My 3,436 Mile Journey to Life Lab – Reflections from Intern Callia Wolfe
It is not often that we have graduate level interns, who have classroom experience, and are proficient with a video camera and editing. We lucked out! Callia Wolfe shares a bit about her path to finding us and her experience at the Garden Classroom. Callia writes….
I have heard it called many things: destiny, kismet, serendipity. All terms referring to the moment when your path opens, you can feel a "yes" in your body and your intuition rings clear like a bell. Finding the education department at Antioch University New England in Keene, NH was one of those “yes” moments. I knew the school's progressive flavor and commitment to a sustainable world would support a student like me with my vision, passion and ambition to bring positive change to the world. In August, 2010, I began the path toward earning my Master’s in Education with teaching licensure, concentrating on science and environmental education. My original vision was simply to use the garden to teach kids and have my hands in the earth. My understanding of the multitude of levels that are supported when learning from real-life, outdoors and hands-on experience has grown significantly from my fantastic internship experiences. I have seen and been a part of the transformative effect the garden has on kids, the school, the community, and the earth.
My first internship was in a fourth grade classroom in a ‘failing’ Title I school in Brattleboro, VT. I was lucky enough to intern with a dynamic, committed, eight- year teacher, Laura White. About three years into her teaching career, she spearheaded the installation and use of the school garden for planting, harvesting, nutrition education, cooking and more. She also created a year long, place-based natural resource unit that aligned with state standards while connecting students to 10 local farms through field trips. The students celebrated the culmination of the unit by cooking a dinner made from local farm foods for 200 people in their community. Laura also brought in school-wide farm-to-school taste tests so that students could taste and decide on what they wanted served in their school lunches. The fact that 97% of K-6th graders tried the local roasted turnip was one of the many triumphs.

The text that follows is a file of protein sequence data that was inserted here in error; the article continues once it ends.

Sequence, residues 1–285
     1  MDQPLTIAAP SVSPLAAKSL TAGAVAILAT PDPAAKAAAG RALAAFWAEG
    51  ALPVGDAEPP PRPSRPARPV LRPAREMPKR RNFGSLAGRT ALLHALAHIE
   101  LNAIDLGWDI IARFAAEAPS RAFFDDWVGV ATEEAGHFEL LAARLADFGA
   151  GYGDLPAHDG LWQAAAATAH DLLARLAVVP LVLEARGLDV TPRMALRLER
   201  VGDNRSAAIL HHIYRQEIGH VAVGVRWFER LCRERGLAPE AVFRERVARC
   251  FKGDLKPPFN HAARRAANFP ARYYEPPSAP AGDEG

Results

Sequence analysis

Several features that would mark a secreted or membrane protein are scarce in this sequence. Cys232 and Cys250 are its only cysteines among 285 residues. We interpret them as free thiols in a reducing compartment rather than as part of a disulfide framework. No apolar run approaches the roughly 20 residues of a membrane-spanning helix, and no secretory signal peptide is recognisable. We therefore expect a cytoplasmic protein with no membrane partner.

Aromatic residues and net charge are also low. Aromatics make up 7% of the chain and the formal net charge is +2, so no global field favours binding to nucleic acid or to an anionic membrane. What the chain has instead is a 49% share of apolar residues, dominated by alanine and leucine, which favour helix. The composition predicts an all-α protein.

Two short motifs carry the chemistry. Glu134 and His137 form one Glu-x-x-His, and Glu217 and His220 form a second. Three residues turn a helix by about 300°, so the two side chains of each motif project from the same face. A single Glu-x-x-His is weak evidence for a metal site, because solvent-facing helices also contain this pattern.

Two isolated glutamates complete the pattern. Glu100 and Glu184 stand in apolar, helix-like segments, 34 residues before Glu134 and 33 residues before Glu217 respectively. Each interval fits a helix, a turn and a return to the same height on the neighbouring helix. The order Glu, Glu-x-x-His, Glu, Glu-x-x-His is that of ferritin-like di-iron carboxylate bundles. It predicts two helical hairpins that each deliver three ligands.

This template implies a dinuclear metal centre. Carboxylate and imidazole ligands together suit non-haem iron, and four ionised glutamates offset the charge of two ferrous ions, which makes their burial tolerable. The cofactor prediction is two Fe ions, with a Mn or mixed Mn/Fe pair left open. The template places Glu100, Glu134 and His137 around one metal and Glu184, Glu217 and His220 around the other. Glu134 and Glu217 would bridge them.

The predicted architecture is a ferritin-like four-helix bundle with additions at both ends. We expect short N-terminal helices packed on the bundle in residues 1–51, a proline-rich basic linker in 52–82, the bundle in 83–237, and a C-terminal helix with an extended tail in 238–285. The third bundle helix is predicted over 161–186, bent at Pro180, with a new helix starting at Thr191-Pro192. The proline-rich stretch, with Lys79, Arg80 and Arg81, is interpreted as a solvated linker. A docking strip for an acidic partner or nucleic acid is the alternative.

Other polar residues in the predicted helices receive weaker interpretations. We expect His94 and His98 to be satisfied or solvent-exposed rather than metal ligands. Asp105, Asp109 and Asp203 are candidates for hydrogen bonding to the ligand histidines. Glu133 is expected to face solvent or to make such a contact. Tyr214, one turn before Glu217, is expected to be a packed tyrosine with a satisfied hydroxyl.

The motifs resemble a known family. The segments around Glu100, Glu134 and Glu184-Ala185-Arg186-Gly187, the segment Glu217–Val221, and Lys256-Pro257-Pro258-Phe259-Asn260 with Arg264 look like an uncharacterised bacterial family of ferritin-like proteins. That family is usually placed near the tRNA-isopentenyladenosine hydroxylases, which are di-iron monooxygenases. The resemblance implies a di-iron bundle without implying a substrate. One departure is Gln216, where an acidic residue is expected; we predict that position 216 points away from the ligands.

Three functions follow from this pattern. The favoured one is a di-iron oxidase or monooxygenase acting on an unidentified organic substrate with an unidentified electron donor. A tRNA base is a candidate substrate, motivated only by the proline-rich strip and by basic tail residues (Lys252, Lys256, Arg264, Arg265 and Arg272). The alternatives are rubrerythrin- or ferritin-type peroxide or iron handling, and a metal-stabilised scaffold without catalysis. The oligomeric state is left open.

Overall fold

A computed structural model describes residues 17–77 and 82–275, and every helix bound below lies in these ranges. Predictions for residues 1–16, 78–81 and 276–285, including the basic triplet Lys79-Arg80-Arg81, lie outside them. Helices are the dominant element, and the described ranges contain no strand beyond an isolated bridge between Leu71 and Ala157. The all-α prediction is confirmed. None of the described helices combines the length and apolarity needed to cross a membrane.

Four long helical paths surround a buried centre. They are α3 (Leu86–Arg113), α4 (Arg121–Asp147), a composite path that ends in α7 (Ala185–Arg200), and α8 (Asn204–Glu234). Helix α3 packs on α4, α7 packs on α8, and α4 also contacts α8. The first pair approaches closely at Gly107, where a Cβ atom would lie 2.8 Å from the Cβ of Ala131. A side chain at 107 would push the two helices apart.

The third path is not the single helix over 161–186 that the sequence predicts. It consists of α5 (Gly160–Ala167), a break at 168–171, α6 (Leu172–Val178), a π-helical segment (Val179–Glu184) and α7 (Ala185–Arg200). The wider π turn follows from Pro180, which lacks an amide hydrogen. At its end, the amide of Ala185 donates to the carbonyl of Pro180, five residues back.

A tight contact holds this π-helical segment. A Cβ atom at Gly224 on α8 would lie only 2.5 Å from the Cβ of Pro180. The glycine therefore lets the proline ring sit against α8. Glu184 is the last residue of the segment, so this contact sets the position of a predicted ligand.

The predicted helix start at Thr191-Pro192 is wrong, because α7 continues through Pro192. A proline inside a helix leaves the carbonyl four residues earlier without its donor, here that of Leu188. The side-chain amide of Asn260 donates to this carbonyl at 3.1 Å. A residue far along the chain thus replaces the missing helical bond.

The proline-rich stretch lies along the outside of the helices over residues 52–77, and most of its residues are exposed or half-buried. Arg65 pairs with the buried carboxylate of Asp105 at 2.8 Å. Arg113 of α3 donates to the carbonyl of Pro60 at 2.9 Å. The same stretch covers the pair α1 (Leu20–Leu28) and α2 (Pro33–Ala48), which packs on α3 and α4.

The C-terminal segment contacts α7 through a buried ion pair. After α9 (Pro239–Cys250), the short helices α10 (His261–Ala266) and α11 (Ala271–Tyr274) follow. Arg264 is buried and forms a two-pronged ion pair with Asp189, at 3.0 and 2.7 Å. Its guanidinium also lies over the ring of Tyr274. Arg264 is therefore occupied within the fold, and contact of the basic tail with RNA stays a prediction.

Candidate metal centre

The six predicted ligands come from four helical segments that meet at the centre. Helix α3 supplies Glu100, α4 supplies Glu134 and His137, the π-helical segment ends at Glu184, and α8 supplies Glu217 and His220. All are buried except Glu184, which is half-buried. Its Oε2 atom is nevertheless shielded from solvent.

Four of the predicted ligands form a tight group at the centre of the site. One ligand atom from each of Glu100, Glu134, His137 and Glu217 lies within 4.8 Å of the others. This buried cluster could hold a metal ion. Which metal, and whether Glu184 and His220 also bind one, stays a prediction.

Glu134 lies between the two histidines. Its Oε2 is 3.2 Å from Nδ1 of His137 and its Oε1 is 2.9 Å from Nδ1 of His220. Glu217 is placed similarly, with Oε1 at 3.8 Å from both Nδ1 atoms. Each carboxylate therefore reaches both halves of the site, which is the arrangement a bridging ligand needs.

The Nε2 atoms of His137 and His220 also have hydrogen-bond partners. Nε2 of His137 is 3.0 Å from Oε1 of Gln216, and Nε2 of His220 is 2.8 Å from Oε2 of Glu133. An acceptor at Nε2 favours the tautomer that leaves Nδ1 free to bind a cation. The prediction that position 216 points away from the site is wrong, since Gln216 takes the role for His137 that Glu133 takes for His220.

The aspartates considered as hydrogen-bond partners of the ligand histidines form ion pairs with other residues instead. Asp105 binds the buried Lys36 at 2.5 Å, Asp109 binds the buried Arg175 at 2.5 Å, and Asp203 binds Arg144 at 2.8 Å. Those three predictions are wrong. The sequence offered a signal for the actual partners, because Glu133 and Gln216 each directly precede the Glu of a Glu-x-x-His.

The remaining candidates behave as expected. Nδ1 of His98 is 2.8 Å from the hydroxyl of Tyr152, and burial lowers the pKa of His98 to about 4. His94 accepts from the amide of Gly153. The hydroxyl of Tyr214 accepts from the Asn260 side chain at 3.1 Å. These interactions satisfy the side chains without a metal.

Watching all this happen, it became clear to me that it takes a community. None of these visions would have been possible without the generous support of parents, administrators, cafeteria staff, farmers, and local businesses. Though Vermont is known for supporting it’s local farmers, I have no doubt that this support for local food systems through education could be replicated anywhere in the country. Green Street School is proof that even amongst the rising pressure for passing scores and endless testing, it can be done. The following link connects to a video of the introduction for the 2011 the local dinner.
For my second internship and final semester at a distance, I wanted to get to the heart of the school garden movement in the non-profit world. In my research I discovered that, while many people believe the school garden movement really took off in 1996 with the Edible Schoolyard, Life Lab has been busy creating curriculum, installing gardens, training teachers nationwide, and more since 1979! I was so excited to have found the authority in this field and to see that they are still active and leading the crest of the school garden wave in curriculum, nutrition education, science, youth empowerment and more! With over 30 years of experience, they know what works and what doesn’t better than anyone. I felt that clear "yes" once again after connecting to Life Lab, and decided to make the 3,436 mile drive to Santa Cruz. Another factor in my decision was Life Lab’s outstanding reputation. The feedback I get from everyone who has worked with Life Lab is always the same. I see the same huge smiles and eager exclamations, “I LOVE LIFE LAB!” After three months here, I understand the enthusiasm completely. It is truly a gift to work with people who are generous, humble, and passionate about what they do. My time here as an intern has been a rich, joyful, and delicious experience.
I will leave in late December with skills and experience teaching in the outdoor classroom that can easily translate to any school or farm. I know how to create and manage a garden and students in an outdoor space. I can create lessons across all subject areas in the garden and activities that are hands-on, engaging, safe, effective and memorable. If I forget or need a refresher, I have Life Lab’s super easy to use curriculum resources like The Growing Classroom to remind me. Whether I end up as a classroom teacher or in the non-profit world, I feel incredibly well prepared and capable of supporting the school garden movement in this country. Thank you Life Lab! I raise my glass of fresh-pressed organic apple juice to you all!